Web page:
To say that the topic of loans is a contentious one is a bit of an understatement. There are few subjects that are touchier than finances, after all, and I don’t think that most of us want to bring up our debts in casual conversations. Despite that, though, I think it’s really important that we educate ourselves on the different types of loans that are out there. While debt is an uncomfortable thing to discuss, that doesn’t mean that we shouldn’t.
That leads us to our topic of discussion today – how can we navigate the world of loans effectively and maximize our own gains from the process? What’s even involved with all of that? These are just some of the questions that I’m hoping to answer, of course, so do be sure to stick around.
There’s a lot to cover, as I’m sure you’ve already guessed. For one thing, we have to remember that lenders are in this business to generate at least some sort of profit, hence the need for something like interest rates. From the borrower perspective, it’s certainly irritating to deal with, but with that additional knowledge, it’s at least a pill that we can swallow.
What else is there really to know, then? Honestly, a lot of it will come down to what sort of knowledge that you have and what lender you decide to work with. If you go in with a game plan and know exactly what you’re looking for, you’ll have an easier time of it.
What is a Loan, anyway?
The first thing to know here is that loans can also be referred to as credit agreements. Even credit cards fall under this umbrella, although we often consider that to be in a separate category when thinking about it in a casual manner. However, seeing as they are a line of credit, they do count as a loan.
Beyond that, though, what is there to know? I’m sure most of us are looking for more than a “loans for dummies” explanation, right? There are a few components to get familiar with. The first there is the “principal” amount, which is the original amount that you borrow from your lender.
From there, you will end up paying more of that due to interest rates, which I mentioned briefly above. You can read a bit more about them on this website, if you are curious about how it works. Interest rates are a bit tricky in that they often fluctuate from borrower to borrower based on many factors (including external ones such as the current state of the global economy).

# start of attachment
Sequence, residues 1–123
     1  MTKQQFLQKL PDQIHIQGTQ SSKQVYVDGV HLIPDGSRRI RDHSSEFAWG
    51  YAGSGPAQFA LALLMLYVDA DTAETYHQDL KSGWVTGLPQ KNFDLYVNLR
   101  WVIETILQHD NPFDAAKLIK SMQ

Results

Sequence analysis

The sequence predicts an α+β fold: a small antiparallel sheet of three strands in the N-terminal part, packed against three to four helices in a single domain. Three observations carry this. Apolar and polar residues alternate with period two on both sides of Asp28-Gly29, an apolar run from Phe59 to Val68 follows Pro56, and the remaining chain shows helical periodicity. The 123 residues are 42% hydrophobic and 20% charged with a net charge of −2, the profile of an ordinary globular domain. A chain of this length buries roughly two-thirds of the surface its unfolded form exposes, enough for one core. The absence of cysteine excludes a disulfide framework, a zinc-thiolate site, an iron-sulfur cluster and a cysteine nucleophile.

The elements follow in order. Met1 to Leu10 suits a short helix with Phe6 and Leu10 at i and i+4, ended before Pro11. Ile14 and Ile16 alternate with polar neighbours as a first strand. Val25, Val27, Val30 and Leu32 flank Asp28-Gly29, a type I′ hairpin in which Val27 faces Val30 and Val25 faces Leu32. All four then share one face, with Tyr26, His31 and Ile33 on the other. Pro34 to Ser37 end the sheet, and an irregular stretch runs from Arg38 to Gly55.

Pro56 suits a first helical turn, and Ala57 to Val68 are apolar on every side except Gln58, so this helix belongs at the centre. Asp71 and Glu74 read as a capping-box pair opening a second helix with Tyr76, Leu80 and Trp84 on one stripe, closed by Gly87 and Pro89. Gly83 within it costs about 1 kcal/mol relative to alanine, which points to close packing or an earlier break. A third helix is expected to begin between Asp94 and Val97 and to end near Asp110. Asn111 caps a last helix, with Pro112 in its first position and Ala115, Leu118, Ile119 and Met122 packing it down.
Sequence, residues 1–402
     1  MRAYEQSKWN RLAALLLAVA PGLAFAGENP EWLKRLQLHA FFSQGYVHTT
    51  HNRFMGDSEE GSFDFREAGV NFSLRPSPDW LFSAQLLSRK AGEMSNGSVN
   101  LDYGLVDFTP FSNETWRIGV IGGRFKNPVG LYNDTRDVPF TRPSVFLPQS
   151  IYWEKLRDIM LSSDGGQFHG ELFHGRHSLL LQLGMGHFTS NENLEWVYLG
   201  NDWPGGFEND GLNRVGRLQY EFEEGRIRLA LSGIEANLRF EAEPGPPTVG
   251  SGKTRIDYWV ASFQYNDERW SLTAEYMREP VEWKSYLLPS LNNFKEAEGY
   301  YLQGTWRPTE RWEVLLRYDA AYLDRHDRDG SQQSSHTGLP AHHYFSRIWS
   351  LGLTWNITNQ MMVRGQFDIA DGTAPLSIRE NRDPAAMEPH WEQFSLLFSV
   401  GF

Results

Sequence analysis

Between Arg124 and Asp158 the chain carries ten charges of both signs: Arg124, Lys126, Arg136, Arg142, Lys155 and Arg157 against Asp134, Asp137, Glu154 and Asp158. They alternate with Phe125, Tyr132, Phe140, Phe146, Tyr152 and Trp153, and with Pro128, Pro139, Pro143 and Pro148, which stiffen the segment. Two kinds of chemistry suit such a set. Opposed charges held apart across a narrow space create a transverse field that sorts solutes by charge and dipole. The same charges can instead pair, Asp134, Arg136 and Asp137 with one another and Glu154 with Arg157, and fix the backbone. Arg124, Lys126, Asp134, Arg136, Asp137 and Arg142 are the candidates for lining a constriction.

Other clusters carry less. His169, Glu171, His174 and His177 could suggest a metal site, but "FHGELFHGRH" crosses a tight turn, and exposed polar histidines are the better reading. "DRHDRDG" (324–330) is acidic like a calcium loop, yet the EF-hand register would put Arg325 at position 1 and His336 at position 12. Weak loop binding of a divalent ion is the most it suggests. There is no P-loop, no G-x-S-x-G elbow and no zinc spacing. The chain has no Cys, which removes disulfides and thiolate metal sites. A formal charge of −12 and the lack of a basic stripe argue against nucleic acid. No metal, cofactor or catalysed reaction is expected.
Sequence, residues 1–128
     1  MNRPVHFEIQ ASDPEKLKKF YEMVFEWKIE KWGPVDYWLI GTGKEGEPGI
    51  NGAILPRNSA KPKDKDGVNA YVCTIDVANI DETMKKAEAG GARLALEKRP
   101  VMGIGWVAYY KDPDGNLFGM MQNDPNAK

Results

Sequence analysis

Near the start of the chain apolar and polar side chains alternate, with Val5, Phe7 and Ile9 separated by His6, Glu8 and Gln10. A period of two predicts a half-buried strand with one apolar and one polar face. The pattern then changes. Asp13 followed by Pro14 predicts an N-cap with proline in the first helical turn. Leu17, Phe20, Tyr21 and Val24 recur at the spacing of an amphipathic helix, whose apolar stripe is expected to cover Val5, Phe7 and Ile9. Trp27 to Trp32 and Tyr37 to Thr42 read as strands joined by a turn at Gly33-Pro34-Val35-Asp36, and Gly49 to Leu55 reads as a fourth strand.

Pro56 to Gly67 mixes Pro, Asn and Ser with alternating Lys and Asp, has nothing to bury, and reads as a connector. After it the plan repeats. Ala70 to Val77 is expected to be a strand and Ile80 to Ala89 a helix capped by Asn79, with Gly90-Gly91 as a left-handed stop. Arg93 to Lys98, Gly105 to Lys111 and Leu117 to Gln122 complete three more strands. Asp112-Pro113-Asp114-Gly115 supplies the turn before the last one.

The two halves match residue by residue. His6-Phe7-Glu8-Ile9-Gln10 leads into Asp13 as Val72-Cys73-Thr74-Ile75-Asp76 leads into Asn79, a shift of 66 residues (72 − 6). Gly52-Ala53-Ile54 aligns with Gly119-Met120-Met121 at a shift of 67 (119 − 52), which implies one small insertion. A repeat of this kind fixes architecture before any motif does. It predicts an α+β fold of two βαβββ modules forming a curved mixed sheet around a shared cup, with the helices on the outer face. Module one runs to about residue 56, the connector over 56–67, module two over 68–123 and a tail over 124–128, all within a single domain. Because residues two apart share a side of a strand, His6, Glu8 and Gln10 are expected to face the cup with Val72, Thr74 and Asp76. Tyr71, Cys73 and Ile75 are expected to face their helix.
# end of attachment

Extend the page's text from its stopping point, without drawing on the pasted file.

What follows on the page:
It might seem a bit strange to go in for a deep dive on this topic in particular but given how critical it is for understanding the rest that you need to know about loans, I felt it was appropriate. There are two different types that you will want to be familiar with: simple and compound.
Simple is pretty much how it sounds – it’s a flat rate that’s decided upon in the beginning of your contract. So, if you’re meant to pay five percent interest on a principal of five thousand dollars, it will stay that way throughout the entire duration of the credit agreement. Admittedly, it’s something that we see for savings accounts that we own more often than loans these days.
Compound is a bit more complicated, of course, and tends to cost the borrower more money in the end due to its very nature. Essentially, beyond just paying the interest on that principal amount, you are also paying on the additional fees that you have accrued over time. That means that the amount that you’re paying back is growing exponentially compared to the other option – to no one’s surprise, though, this is what most financial institutions prefer to use.
Another note about this is that the rates that you are offered can differ greatly depending on your credit score. Now, if you’re not familiar with yours already, I would highly suggest that you check it out real quick before you apply for a loan. This will help you get an idea of what to expect, and there are tons of free programs that you can use to take a peek.
If yours is on the lower end of things, then you can probably expect to see a higher interest rate offered than someone who’s got a higher score. This is because of the risk that lenders are taking on by lending to you, so just keep that in mind. It’s okay to wait awhile before you delve into private loans if you still need to build up your score.
Types of Loans